Filthie's Mobile Fortress Of Solitude

Filthie's Mobile Fortress Of Solitude
Where Great Intelligence Goes To Be Insulted

Thursday, 22 July 2021

Re-Lighting The Great Camp Stove Debate

 I have had great sport tormenting fags like M and Jack with my yuppie-compliant, soyboy approved Jetboil camp stove. I used to do some motorcycle touring and liked the convenience and utility of the thing. All it ever had to do was make coffee and heat up MREs.

$139.00 at MEC. I have a bigger one
for a little more money.

It's advantage over the old school Coleman Pumper Upper stoves is that it is a tad smaller to pack up and space is a bit of a concern on motorcycles and backpacks. And it will boil water faster than anything else out there. In Canada, we can get two sizes of butane bottles - the little one goes for about 6 bucks, and the big one goes for about $8.00. 

But like M and Jack, I really prefer the pumpers and naptha stoves. Most of that is nostalgia - all the cool guys camped with them so I had to too. I suppose I might tolerate the faggy MSR stoves... but my heart belonged then, as now, to the big green Coleman fatties. Mine ran in everything from -30C to +30C and it did get cranky and difficult at the low temps... but all stoves will. Otherwise it ran like a top for years and made for many fond memories. I did a couple parts kits on it and threw it out when it just flat out refused to work. It was a foolish mistake on my part; the guys tell me that you just have to tear the thing right down to the last nut and bolt and start cleaning. Damn - I still regret making that mistake 10 years later!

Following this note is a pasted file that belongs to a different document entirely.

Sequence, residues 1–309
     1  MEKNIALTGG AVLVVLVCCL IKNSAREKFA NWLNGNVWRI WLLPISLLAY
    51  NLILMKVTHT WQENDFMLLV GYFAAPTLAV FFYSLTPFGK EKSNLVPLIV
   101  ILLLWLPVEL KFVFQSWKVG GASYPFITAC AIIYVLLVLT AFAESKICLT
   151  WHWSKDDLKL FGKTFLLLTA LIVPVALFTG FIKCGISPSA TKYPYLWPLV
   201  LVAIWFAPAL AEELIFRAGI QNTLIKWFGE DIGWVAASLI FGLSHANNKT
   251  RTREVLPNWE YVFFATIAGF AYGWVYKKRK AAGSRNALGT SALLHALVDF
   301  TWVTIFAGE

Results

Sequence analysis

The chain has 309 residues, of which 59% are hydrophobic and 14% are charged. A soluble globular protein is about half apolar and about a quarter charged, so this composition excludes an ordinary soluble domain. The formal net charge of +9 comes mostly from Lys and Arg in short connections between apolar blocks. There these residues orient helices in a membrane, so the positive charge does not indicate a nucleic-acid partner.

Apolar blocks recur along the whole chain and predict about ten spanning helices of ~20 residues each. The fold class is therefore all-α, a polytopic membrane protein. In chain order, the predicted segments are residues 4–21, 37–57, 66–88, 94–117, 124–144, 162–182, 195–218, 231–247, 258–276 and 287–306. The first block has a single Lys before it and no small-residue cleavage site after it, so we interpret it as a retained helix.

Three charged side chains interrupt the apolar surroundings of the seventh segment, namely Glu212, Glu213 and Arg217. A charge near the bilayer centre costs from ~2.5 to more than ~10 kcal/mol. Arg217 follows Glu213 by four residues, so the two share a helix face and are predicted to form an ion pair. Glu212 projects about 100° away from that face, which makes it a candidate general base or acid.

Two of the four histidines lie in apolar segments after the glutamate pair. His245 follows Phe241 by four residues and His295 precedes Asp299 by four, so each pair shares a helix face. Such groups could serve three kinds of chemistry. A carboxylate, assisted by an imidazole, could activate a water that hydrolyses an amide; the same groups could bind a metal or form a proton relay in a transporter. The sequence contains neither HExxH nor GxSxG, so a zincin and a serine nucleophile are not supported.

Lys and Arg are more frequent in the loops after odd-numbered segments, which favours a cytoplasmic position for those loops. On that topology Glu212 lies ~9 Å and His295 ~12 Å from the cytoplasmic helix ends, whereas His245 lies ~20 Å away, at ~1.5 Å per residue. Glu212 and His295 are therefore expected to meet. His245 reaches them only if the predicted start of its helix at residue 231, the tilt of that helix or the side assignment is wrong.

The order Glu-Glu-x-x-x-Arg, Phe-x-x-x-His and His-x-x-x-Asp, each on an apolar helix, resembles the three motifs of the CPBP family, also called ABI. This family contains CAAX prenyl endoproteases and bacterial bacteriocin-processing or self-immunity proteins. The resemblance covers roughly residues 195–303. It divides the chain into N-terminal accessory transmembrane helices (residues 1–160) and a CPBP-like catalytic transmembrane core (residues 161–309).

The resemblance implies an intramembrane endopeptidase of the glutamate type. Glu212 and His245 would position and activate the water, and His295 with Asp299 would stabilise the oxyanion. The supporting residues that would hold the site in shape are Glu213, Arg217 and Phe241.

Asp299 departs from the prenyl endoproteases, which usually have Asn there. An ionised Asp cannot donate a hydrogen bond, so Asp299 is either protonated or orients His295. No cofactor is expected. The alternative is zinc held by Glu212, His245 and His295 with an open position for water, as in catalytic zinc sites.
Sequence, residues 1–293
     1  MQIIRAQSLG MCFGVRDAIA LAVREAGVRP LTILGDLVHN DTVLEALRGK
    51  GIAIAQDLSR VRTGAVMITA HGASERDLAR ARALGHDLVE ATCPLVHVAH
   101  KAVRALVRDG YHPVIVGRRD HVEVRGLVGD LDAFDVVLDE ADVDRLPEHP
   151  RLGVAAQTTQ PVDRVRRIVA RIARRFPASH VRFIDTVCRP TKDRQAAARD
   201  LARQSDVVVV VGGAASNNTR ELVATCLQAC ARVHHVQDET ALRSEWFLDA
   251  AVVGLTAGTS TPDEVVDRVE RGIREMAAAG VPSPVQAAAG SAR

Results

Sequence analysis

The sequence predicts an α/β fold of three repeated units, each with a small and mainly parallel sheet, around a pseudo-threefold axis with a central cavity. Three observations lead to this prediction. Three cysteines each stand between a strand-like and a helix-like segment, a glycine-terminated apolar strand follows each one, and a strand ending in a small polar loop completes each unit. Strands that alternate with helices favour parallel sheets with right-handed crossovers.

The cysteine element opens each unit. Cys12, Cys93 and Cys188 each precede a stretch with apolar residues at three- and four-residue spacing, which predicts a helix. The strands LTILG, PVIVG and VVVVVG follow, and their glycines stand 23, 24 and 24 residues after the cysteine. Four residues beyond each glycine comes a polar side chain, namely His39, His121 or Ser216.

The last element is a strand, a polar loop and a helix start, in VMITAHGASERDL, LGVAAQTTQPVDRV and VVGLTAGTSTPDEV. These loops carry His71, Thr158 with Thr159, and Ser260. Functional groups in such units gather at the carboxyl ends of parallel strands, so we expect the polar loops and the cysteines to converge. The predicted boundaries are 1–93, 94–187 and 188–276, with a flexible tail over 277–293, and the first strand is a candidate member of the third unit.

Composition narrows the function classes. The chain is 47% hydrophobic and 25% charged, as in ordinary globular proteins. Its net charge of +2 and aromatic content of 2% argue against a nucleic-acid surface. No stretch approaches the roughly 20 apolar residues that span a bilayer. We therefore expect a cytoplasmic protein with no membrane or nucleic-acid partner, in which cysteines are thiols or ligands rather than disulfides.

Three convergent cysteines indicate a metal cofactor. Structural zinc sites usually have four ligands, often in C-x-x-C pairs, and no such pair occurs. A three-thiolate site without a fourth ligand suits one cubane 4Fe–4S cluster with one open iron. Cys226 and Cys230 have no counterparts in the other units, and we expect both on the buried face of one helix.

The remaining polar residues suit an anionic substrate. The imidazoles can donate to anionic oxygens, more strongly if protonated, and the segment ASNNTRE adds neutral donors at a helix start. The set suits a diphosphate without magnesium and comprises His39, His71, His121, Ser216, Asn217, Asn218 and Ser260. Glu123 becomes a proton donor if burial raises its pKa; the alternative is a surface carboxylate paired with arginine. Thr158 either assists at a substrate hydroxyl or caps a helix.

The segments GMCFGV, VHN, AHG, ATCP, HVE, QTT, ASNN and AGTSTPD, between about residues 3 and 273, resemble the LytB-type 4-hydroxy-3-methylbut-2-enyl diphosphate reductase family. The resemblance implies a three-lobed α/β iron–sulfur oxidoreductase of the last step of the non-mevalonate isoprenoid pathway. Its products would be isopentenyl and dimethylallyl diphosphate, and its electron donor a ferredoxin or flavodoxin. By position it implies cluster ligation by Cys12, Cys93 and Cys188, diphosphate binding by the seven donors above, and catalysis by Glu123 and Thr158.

Where do you buy the little single burners now?
Neither MEC nor Cabelas carry them....
A four litre can of naptha goes for about 25 bucks.

I have taken a lot of much-deserved flak for the Fartboil stove; as M notes, the old green ones are more economical, more robust (I think), and have the comforting nostalgia of being around in better days when we were better people.

But that is us old farts talking, isn't it? Over on YouTube Corporal Kelly is probably one of the best bushcrafting campers out there. If you are a father looking for better ways to engage with your kids, you really need to spend about 20 minutes with this guy on his channel. This is how camping with kids should be done! He does most of his serious camp cooking over the campfire which is right and proper; but when he wakes up hung over and pished at the world as old men do everyday - he goes straight for the medicinal coffee and he doesn't piddle about with campfires, pumping up camp stoves or pouring fuel.

When guys like the Corporal are recommending gear choices - I perk up and take notice. I like the Corporal because he doesn't push the expensive, overpriced yuppie market garbage favoured by the metrosexuals and flimps at MEC. He pushes good, low priced equipment you can stake your life on. To him the camp stove is basically a throw away item - once the seals go you may as well just pitch it and buy a new one. I wonder what the service life is on them? It has to be up there. In any event, he has well made, low priced gear that would be perfect for the ultralight bush camper. I think he could set you up for a couple hundred bucks at the outside.

I wonder if the kids will remember these new stoves with the same nostalgia and fondness that we old stubfarts do with our old gear? 


  1. I only use a jet boil these days. It makes a pot of coffee quick and easy. My wood cabin stove is for heat and heating water only.